November 18, 2001, Chandigarh, India
Govt pleads for POTO
New Delhi, November 17
“We have held consultations with State Governments and the Law Commission before promulgating POTO and we have taken care to remove the shortcomings in TADA, which lapsed some years ago without a successor anti-terrorism law,” Mr Vajpayee said inaugurating a daylong Conference of Chief Ministers on Internal Security here at Vigyan Bhavan.
The Prime Minister regretted “enormous delays” in trials due to huge pendency of cases and said the inefficiency in the criminal justice administration system led to criminals committing further crimes with impunity and erosion of people’s faith in the rule of law. This basic lacuna in our law enforcement system needs to be addressed squarely and quickly.”
Observing that the Centre had come across a number of cases where conspiracies for terrorist action had spread across a number of states, Mr Vajpayee said “although discussions on this were initiated a year back, we do not as yet have any agency in place, which can take on and pursue such cases on its own.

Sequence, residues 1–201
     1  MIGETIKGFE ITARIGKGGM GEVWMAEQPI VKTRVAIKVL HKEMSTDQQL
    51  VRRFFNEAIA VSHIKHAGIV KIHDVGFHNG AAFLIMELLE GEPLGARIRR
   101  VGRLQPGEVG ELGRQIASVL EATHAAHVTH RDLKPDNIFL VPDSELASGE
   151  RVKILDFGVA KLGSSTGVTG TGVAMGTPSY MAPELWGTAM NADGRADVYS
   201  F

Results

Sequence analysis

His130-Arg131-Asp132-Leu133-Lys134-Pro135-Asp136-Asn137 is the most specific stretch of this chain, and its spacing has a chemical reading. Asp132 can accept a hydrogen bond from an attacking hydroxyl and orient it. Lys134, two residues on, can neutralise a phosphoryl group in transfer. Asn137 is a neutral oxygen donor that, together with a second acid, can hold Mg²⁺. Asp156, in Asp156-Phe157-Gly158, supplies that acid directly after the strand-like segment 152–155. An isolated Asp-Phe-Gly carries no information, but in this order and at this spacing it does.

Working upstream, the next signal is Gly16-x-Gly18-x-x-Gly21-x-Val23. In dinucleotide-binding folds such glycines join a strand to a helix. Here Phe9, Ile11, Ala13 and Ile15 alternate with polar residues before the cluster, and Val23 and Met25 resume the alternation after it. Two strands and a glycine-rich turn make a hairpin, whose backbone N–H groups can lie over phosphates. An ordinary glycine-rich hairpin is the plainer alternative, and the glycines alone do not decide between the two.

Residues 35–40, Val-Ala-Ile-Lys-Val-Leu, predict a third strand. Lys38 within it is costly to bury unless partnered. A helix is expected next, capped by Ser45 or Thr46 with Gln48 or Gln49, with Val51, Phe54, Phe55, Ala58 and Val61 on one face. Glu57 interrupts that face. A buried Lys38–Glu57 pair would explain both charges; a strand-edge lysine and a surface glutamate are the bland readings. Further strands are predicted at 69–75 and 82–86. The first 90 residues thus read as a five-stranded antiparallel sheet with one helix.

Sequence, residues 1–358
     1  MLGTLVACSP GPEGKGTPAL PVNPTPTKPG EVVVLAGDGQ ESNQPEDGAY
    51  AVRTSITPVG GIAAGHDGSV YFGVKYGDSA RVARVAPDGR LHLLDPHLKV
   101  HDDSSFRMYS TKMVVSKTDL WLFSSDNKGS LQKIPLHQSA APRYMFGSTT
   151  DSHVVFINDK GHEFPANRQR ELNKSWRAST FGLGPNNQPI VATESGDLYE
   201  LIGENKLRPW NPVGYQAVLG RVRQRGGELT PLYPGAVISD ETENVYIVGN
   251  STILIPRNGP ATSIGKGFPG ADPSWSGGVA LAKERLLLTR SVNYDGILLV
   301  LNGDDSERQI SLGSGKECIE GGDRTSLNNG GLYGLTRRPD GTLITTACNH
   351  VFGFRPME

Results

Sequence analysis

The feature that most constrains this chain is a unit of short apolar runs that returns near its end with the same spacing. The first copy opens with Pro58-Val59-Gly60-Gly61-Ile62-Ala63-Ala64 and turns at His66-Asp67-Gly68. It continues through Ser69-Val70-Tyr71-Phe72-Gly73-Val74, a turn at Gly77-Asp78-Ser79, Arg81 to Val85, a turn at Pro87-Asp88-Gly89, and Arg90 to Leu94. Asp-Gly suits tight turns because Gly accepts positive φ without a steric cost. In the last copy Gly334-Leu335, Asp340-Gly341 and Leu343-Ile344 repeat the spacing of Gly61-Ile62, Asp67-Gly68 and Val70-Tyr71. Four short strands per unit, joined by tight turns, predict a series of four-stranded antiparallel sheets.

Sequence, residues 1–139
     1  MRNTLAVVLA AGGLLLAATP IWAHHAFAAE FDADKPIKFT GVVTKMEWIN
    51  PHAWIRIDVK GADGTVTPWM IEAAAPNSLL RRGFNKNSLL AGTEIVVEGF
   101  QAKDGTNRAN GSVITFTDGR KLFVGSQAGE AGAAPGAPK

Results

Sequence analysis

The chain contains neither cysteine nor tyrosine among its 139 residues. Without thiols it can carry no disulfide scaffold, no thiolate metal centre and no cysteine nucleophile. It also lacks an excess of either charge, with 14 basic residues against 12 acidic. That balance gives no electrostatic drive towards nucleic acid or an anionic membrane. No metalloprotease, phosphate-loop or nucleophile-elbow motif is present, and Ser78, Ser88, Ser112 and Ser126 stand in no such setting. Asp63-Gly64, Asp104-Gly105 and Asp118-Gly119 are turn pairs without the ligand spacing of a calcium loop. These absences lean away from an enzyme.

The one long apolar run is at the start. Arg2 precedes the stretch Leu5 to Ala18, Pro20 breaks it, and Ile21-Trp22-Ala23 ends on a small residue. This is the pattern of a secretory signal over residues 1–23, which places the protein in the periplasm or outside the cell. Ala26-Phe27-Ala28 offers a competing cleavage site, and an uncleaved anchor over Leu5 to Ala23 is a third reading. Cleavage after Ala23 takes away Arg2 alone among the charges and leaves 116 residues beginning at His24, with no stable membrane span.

“Until we have such a federal agency, the key to success will be cooperation and timely exchange of intelligence between the Centre and the states and among states themselves,” he said.
Mr Vajpayee asked the state governments to strengthen their own efforts to fight militancy and effectively implement all developmental policies and programmes.
Delivering his address, Home Minister L.K. Advani asserted that POTO was a “comprehensive legislation” against terrorism taking cognisance of terrorist act, terrorist organisations and financing of terrorism.
|| Punjab | Haryana | Jammu & Kashmir | Himachal Pradesh | Regional Briefs | Nation | Editorial |
| Business | Sport | World | Mailbag | In Spotlight | Chandigarh Tribune | Ludhiana Tribune
50 years of Independence | Tercentenary Celebrations |
| 121 Years of Trust | Calendar | Weather | Archive | Subscribe | Suggestion | E-mail |